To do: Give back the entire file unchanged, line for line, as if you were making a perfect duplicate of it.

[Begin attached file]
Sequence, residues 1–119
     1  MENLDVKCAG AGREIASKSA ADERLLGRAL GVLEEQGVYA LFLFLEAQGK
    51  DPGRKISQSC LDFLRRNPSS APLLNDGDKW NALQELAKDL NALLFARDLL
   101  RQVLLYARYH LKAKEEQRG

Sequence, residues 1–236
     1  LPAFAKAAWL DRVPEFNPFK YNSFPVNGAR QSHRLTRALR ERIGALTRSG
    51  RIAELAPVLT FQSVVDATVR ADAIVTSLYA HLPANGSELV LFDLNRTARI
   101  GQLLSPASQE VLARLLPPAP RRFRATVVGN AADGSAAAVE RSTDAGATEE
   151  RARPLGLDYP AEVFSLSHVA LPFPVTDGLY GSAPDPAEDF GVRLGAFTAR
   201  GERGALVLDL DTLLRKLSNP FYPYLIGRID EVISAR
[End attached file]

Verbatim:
Sequence, residues 1–119
     1  MENLDVKCAG AGREIASKSA ADERLLGRAL GVLEEQGVYA LFLFLEAQGK
    51  DPGRKISQSC LDFLRRNPSS APLLNDGDKW NALQELAKDL NALLFARDLL
   101  RQVLLYARYH LKAKEEQRG

Sequence, residues 1–236
     1  LPAFAKAAWL DRVPEFNPFK YNSFPVNGAR QSHRLTRALR ERIGALTRSG
    51  RIAELAPVLT FQSVVDATVR ADAIVTSLYA HLPANGSELV LFDLNRTARI
   101  GQLLSPASQE VLARLLPPAP RRFRATVVGN AADGSAAAVE RSTDAGATEE
   151  RARPLGLDYP AEVFSLSHVA LPFPVTDGLY GSAPDPAEDF GVRLGAFTAR
   201  GERGALVLDL DTLLRKLSNP FYPYLIGRID EVISAR